# Difference between scattering amplitude and scattering lenght

I'm studying neutron scattering theory and I noticed that one usually writes the scattered wave as a spherical wave: $$\psi \sim \frac{-b} {r}e^{ikr}$$ where $b$ is known as scattering lenght. From usual scattering theory (for instance Sakurai's chapter) one shows that the scattered wave can be written as (suppose $\vec{k} \parallel \hat{z}$): $$\psi \sim e^{ikz}+f(\theta, \phi)\frac{e^{ikr}}{r}.$$ So my doubts:

1) Why (in the first eq.) do we forget about the transmitted plane wave? Is it just not important now?.

2) What is the relationship between the scattering amplitude $f$ and $b$? For instance in Sakurai's book a scattering lenght "$a$" is basically defined as a certain limit (page 403) and then it turns out that $\sigma_{tot}= 4 \pi a^2$ which I see is also a property of $b$ ! So I would say they're the same.. but in the book $a$ reduces to $f$ only in the case of an $S$ wave scattering with $l=0$.. While from the first and the second equation I'd say $b=-f(\theta, \phi)$ no matter what $l$ is! So what is their conection??. Thanks!!

• I'm thinking maybe because in this phenomena the energy of the neutron is always small so basically $l=0$ is the only relevant case?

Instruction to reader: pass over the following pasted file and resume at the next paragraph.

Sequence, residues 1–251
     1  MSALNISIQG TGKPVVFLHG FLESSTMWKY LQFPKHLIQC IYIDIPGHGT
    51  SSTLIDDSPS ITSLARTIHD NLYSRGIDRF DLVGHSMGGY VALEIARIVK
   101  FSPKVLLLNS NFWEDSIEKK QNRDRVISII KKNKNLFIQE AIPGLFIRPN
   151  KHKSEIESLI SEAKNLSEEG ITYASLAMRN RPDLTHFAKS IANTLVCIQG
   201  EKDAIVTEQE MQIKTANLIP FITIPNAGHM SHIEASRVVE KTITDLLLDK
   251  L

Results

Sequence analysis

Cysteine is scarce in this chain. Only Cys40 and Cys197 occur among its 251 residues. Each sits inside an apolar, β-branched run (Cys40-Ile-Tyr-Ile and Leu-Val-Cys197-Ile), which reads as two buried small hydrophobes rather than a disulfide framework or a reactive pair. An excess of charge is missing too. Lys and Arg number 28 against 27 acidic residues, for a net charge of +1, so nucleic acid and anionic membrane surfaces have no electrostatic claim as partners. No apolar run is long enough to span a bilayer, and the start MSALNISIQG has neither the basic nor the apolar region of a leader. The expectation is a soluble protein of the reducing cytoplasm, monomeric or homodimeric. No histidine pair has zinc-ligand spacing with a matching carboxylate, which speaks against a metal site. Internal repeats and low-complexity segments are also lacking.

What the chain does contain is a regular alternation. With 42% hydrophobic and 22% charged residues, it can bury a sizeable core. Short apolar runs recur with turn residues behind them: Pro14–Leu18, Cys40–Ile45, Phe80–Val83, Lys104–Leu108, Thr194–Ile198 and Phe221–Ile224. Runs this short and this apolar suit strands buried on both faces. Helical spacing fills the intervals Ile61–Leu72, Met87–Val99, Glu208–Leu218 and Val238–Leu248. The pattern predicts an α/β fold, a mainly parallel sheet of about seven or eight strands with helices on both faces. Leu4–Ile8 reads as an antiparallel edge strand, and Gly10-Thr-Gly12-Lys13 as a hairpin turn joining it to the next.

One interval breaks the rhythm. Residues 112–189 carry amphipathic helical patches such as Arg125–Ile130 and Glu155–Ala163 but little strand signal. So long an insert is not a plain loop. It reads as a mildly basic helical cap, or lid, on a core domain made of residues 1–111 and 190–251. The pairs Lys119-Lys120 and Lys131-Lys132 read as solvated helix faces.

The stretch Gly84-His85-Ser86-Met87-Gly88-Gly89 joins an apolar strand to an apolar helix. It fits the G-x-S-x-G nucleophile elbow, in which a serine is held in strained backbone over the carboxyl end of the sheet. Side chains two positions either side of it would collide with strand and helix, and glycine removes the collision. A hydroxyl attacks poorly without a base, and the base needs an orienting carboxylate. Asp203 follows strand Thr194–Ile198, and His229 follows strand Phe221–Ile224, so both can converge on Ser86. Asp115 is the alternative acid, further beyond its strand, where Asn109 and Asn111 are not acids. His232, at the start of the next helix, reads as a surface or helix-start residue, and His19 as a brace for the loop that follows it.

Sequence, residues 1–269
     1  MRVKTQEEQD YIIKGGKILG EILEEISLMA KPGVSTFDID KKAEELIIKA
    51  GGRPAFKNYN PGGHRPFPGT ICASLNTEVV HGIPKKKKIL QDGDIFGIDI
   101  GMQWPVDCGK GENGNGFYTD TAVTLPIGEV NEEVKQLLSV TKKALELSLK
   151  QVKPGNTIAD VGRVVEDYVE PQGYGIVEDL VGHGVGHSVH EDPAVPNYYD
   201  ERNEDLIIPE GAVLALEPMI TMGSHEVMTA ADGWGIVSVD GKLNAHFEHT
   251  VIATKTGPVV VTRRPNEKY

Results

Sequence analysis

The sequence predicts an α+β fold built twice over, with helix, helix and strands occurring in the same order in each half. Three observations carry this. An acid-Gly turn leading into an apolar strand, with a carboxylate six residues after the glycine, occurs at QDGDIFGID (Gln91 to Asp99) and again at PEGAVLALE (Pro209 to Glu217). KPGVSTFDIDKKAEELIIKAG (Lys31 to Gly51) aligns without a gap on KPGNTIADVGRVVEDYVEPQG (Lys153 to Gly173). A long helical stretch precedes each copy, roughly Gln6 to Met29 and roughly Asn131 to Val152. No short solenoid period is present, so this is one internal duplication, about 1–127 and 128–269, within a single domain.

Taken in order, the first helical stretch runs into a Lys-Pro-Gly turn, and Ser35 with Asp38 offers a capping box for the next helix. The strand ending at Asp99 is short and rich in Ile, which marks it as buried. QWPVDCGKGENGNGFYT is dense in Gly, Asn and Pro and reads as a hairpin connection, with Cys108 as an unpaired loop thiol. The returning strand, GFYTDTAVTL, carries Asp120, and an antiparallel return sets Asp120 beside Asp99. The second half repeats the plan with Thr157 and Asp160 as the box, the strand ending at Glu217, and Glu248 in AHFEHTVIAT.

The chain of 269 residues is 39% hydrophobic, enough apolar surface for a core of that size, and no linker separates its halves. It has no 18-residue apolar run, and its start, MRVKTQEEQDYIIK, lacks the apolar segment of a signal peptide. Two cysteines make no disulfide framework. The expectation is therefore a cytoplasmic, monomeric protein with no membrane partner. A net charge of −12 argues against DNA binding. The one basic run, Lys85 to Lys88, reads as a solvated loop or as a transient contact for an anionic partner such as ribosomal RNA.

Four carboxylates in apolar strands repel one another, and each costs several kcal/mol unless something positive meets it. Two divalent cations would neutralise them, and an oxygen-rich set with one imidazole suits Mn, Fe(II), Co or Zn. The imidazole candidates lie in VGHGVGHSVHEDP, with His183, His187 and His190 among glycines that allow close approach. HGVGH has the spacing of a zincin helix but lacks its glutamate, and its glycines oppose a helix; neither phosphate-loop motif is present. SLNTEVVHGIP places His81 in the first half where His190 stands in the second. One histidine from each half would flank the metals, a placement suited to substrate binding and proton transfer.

– user78618
Aug 14 '15 at 15:38

As to the second question, your physical intuition is correct. By replacing $f(\theta, \phi) = -b$ we've explicitly taken the low energy limit and assumed that only the s-wave channel is important for this process. Imagine that you have a scattering potential with rotational symmetry, then expanding the scattering amplitude in terms of partial waves $$f(\theta) = \sum_{l=0}^\infty(2l+1)f_l P_l(\cos{\theta}),$$ you can see that if $f(\theta) = -b$ then we must have $f_0 = -b$ and $f_l = 0, \ l>0$ (recall that the Legendre polynomials are orthogonal, so they must vanish here term by term and not merely as a sum). If we wanted to include higher partial waves then there would have to be some non-spherically symmetric terms in the scattering amplitude.
In general, one has to specify a scattering length for each partial wave separately. If we let the s-wave scattering length be $a_s$ and neglect all higher partial waves, but do not take the 0 energy limit, then $$f(k) = \frac{1}{k\cot{\delta_s(k)}-ik} \approx \frac{1}{-\frac{1}{a_s}-ik}.$$ The full expansion for $$k \cot{\delta_s(k)} = -\frac{1}{a_s} + \frac{1}{2} r_s k^2 + \mathcal{O}(k^4)$$ is known as the Effective Range Expansion. You can see that for $k \to 0$ you recover the expressions you quoted for the scattering amplitude and total cross-section .